Frequently Asked Questions
Yes. There is a fully equipped modern teaching hospital as well as a kennel area and a laboratory animal facility for rats, rabbits and mice. The teaching hospital is fully accredited by the College of Veterinarians of Ontario (meeting the standards for veterinary hospitals in Ontario).
Most are animals from a local pound. These are used for practicing the administration of medications, preparing for surgery, radiography and other clinical procedures. The laboratory animals are bought from a licensed supplier. The animals are used for teaching purposes only. No animal experimentation is conducted at St. Clair College. All guidelines and policies of the Canadian Council on Animal Care are adhered to in the program.
No, we do not service any animals from outside the College. We maintain our own animal colony.
Students in the V.T. program are assigned to the care of animals and cleaning of the facilities. Much of these animal care duties are to be performed outside of regular class hours. This includes, for example, in the 1st semester two (2) separate weeks of kennel duty with duties before and after class. In some semesters, weekend duties are assigned.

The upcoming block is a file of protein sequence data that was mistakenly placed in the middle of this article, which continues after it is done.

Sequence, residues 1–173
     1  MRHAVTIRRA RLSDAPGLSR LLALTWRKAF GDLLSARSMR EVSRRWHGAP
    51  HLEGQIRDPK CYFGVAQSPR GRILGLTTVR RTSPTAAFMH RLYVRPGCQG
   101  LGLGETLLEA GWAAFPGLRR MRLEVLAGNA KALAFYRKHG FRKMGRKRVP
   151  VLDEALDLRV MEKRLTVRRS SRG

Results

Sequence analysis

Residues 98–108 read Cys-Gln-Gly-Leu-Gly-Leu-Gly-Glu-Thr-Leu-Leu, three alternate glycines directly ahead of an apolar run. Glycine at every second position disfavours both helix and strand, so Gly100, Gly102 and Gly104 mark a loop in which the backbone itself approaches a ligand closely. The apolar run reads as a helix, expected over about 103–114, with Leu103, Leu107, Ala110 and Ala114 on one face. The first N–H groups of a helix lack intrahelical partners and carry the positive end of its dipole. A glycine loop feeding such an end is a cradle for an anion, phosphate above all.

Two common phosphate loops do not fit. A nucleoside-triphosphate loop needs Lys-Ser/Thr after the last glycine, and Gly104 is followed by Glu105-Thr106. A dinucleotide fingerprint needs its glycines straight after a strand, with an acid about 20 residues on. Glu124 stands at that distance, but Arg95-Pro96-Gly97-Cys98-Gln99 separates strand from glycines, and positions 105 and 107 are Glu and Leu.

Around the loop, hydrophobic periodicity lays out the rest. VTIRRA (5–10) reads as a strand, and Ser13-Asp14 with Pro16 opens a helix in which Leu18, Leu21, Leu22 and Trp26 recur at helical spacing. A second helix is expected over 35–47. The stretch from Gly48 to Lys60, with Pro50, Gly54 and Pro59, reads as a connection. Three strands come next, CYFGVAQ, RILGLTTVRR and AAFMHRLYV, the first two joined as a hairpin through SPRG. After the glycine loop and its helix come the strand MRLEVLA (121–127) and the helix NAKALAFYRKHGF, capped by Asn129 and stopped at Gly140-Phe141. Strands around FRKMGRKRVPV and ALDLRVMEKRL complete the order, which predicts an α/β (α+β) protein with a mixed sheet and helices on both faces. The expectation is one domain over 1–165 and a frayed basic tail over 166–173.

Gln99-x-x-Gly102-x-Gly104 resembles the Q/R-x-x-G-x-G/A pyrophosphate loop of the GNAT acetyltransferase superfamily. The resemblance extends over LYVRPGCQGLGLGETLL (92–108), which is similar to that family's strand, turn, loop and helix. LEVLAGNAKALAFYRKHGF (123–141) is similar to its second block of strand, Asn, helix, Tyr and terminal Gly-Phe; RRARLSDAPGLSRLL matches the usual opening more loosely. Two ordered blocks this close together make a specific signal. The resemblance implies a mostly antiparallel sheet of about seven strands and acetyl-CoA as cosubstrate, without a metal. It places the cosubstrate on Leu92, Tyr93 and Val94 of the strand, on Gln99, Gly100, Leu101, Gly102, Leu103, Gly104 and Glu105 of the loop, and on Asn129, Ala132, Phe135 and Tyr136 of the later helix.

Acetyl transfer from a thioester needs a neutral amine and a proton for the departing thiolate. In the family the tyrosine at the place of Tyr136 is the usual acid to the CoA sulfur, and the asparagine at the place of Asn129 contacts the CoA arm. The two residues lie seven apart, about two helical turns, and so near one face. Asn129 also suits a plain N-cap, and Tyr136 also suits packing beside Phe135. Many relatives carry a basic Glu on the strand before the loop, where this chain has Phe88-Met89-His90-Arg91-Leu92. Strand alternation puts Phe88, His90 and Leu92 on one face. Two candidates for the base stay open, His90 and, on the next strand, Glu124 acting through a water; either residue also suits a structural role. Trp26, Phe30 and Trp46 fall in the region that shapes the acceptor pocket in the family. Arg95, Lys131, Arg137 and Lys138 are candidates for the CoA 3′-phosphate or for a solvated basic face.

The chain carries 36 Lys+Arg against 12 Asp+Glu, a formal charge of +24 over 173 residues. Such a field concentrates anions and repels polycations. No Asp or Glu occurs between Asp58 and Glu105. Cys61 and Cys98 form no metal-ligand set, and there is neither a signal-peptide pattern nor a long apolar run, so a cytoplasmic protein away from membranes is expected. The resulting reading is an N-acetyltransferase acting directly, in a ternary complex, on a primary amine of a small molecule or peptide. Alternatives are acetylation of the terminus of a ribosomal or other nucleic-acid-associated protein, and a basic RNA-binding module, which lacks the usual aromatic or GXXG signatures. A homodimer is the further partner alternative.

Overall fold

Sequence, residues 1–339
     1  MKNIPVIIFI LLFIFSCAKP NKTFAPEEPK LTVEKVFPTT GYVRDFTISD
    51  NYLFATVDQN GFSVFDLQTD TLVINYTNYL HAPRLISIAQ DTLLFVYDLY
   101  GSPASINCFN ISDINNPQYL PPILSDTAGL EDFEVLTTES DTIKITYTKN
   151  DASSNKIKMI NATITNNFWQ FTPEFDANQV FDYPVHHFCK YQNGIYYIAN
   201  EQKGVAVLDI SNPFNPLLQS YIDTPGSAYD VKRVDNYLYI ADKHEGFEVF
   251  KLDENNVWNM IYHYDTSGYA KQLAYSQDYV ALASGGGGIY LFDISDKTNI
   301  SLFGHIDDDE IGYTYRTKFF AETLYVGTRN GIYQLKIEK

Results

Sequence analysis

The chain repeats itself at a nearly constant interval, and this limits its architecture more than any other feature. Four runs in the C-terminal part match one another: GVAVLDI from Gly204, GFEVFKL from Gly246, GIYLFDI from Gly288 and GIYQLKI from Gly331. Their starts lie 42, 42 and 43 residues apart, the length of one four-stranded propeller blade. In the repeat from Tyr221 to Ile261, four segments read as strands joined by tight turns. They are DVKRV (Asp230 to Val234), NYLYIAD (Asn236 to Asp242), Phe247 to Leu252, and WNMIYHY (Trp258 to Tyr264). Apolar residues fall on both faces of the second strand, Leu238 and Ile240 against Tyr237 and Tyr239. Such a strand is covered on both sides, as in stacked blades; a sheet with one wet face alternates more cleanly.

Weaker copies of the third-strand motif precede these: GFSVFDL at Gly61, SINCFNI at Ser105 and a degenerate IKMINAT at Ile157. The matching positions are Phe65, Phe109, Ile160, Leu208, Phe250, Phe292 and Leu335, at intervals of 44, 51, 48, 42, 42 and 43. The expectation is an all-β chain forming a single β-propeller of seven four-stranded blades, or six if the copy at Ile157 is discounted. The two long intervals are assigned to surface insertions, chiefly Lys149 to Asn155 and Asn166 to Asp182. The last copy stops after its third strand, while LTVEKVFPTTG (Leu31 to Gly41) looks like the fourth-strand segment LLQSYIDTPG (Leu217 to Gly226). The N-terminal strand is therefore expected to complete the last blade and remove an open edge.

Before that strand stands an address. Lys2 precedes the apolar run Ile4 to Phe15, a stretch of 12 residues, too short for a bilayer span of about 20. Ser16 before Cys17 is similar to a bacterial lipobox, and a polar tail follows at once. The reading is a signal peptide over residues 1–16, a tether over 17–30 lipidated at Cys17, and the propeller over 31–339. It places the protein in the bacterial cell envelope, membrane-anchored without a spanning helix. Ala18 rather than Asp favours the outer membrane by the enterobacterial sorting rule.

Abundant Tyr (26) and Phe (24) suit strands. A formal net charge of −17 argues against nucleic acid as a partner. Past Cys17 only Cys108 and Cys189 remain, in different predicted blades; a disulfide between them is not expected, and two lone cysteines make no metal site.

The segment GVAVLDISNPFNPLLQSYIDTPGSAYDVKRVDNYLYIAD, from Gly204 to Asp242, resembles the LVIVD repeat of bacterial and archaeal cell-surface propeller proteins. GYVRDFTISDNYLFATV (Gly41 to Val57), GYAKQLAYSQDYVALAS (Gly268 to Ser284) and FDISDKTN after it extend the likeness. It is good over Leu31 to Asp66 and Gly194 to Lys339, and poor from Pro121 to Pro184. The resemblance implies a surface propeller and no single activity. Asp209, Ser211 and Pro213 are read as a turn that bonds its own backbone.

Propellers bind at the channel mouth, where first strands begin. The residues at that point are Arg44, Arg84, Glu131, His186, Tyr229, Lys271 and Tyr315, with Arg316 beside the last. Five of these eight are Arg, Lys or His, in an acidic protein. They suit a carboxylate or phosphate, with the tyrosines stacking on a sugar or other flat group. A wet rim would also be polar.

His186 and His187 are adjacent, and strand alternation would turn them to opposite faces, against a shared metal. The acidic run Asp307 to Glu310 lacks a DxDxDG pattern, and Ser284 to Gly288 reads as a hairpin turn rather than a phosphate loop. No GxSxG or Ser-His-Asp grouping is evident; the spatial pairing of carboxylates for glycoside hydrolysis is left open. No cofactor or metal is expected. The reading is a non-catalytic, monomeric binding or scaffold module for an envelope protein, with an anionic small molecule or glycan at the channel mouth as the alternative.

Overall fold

The students and staff operate a highly successful private adoption program for suitable animals from our colony.
The Veterinarians on staff do all of the surgery, with students preparing and assisting.
In semester 2, four (4) hours per week and in semester 3 and 4, eight (8) hours per week are spent in our College clinical facilities. 2nd year students spend a minimum of 12 days in local veterinary hospitals. A 2 week externship placement in an animal facility also occurs in the 4th semester. In addition, much of the classroom work deals with clinical topics.
Students learn theory and techniques related to giving medications by mouth and by injection; collecting blood samples; inducing anesthesia and monitoring patients and preparing patients for surgery; taking radiographs (X-rays); dentistry; and many other procedures. Most of the procedures which nurses and other paramedical persons do for people are conducted by Veterinary Technicians.
The greatest other single area of importance is the laboratory. Students have to now perform of the common laboratory tests on blood and serum. Also, there is microbiology, parasitology, urinalysis, and sample preparation.